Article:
- The Washington Times - Friday, November 3, 2000

Police officers and FBI agents backing up a Maryland State Police trooper Monday night did not realize he had been fatally shot until they heard his irregular breathing, police sources said.

The Toyota 4-Runner driven by Trooper Edward M. Toatley, 37, had a video camera and microphones to allow the FBI and Prince George's County police to monitor his undercover drug buy of $3,500 worth of cocaine from Kofi A. Orleans-Lindsay.

Inside a van 70 feet away, the agents and officers heard a "pop" but did not respond because they did not recognize it as a gunshot, the sources said, adding that they heard Trooper Toatley's irregular breathing seconds later and immediately went to his aid.

By that time Mr. Orleans-Lindsay, who is wanted for the shooting death of the trooper, had escaped into the neighborhood around the 2000 block of Douglas Street NE. He is still at large.

"They responded only when they heard a … sound of [his irregular breathing]," said a source familiar with the investigation. "Those were seconds lost."

Police sources said the lost seconds may have prevented Mr. Orleans-Lindsay's immediate capture, but nothing could have stopped the slaying of Trooper Toatley.

Police sources told The Washington Times that after Trooper Toatley gave Mr. Orleans-Lindsay $3,500 for cocaine, Mr. Orleans-Lindsay allegedly got out of the 4-Runner and walked away a few feet, turned around, opened the passenger side door and fired once hitting Trooper Toatley in the head.

Investigators believe Mr. Orleans-Lindsay had planned to steal the money from the beginning.

"It was a rip-off from the beginning. He thought [Trooper Toatley] was a drug dealer and he killed him to keep from having to look over his shoulder for the rest of his life," a police source said.

Trooper Toatley picked up Mr. Orleans-Lindsay in Takoma Park and his passenger directed him to Douglas Street, police said yesterday. Backup officers were in two vehicles on Queens Chapel Road within eyesight of the 4-Runner.

Assistant D.C. police Chief William P. McManus said separate fugitive and homicide investigations are being conducted.

He said they are still trying to determine whether anyone helped Mr. Orleans-Lindsay in his escape.

Investigators believe Mr. Orleans-Lindsay, 23, who last lived in Silver Spring, is still in the area and are focusing on Takoma Park and Langley Park, Chief McManus said.

Mr. Orleans-Lindsay, a native of Ghana, fled the shooting with at least $3,500, leading authorities to theorize he would try to flee the country.

"I don't have anything to make me believe that he's not in the area," Chief McManus said. "We have taken steps to make sure he doesn't leave the country."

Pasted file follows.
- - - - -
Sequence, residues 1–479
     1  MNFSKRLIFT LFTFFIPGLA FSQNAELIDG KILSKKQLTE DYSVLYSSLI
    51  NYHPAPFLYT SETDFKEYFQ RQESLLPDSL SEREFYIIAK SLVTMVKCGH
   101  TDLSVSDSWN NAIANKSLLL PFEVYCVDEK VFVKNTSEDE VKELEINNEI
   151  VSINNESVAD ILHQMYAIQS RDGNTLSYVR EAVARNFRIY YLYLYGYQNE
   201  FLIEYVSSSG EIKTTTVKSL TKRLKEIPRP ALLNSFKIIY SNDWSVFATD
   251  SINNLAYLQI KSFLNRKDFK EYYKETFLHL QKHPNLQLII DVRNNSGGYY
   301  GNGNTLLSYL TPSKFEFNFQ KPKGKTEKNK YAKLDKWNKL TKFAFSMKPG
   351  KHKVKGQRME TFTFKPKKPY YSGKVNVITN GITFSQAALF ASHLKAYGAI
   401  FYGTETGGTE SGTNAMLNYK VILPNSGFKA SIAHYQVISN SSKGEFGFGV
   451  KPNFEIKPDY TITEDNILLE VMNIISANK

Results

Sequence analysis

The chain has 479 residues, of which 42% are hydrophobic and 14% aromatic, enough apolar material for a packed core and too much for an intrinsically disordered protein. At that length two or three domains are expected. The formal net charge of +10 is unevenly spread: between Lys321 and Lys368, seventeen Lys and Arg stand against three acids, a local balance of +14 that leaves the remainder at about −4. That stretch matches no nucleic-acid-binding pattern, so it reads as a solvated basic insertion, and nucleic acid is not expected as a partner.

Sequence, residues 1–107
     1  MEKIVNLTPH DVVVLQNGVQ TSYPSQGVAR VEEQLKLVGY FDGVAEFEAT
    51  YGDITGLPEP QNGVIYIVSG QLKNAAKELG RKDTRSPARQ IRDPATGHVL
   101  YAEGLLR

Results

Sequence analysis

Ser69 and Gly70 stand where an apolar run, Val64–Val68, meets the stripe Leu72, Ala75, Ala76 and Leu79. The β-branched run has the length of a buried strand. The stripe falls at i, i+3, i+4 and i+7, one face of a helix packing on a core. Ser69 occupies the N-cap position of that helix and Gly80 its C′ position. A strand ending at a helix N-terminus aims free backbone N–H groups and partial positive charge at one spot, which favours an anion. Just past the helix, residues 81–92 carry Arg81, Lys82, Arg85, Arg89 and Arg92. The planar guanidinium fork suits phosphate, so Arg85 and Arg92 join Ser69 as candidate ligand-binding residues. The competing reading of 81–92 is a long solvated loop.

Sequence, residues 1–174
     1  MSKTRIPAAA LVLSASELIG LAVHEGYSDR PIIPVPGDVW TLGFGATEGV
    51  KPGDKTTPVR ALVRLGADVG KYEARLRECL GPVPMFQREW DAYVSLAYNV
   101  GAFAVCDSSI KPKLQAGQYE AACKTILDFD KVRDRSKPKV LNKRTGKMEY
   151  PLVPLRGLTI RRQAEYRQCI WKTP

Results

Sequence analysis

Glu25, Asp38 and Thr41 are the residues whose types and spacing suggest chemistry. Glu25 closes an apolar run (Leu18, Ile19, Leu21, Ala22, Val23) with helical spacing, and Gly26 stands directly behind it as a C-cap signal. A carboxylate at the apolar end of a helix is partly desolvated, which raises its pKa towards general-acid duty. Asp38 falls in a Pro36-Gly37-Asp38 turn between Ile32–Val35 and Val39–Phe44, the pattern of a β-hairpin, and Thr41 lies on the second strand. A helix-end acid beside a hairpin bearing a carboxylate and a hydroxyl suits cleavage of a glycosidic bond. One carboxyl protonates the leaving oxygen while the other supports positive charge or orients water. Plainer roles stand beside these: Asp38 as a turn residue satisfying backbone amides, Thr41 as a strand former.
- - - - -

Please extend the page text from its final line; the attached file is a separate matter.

Federal agencies, including the U.S. Customs Service, are on alert at airports and seaports along the East Coast.

The FBI yesterday added $20,000 to the $36,000 reward for information leading to the arrest and conviction of Trooper Toatley's killer, bringing the total to $56,000.

Meanwhile, the manhunt for Mr. Orleans-Lindsay went into a high-tech mode yesterday as FBI and local police moved the investigation's command post to the Metropolitan Police Department's new tactical operations command center.

The command center should help sort through the hundreds of tips that come in each day about the whereabouts of the man accused of killing the trooper.

Outfitted with computers and wall-display maps, the command center collects, analyzes and disseminates massive amounts of information to D.C. police and other law enforcement agencies, as The Times first reported in September.

The investigation had been housed at the 5th Police District headquarters on Bladensburg Road NE, but the command center at police department headquarters is bigger and better equipped to handle the manhunt, police said.

Trooper Toatley was a member of the Safe Streets Task Force, created in 1992 to combat street-gang and drug-related violence, as well as track down fugitives wanted for crimes of violence.

The task force includes members of the Metropolitan Police and Maryland State Police who are deputized to cross jurisdictional lines as well as the FBI.

Trooper Toatley, who was posthumously promoted to corporal yesterday, is survived by his wife, Inez, an employee of the state police; and three children, ages 18, 5 and 18 months. He will be buried today in Baltimore at the Dulaney Valley Memorial Gardens.

Yesterday, state troopers a black band covering their badges in mourning joined hundreds of mourners who paid their respects to the officer's family at Ruck's Funeral Home in Baltimore.

Kneeling near the coffin where he had pinned Maryland's two highest honors the medals of valor and honor on the chest of the fallen trooper, Gov. Parris N. Glendening tried to explain the loss to the trooper's 5-year-old son.

"Who shot my daddy?" Daniel Toatley asked.

"A very bad man shot your daddy," the governor told the child.

Mr. Glendening pinned the medals on the right breast of Cpl. Toatley's brown and khaki Class A uniform. His trooper's Stetson hat sat atop the coffin. He held rosary beads in his hands.

The governor presented two state flags to Cpl. Toatley's family, one to his wife and one to his father in a private ceremony.

State Police Superintendent Col. David B. Mitchell was at the governor's side when Daniel said he wanted to kiss his father. His mother lifted him to the opening in the coffin.

"Mommy," Daniel said, "Daddy's cold."

"Your kiss has now warmed him up," his mother told him.

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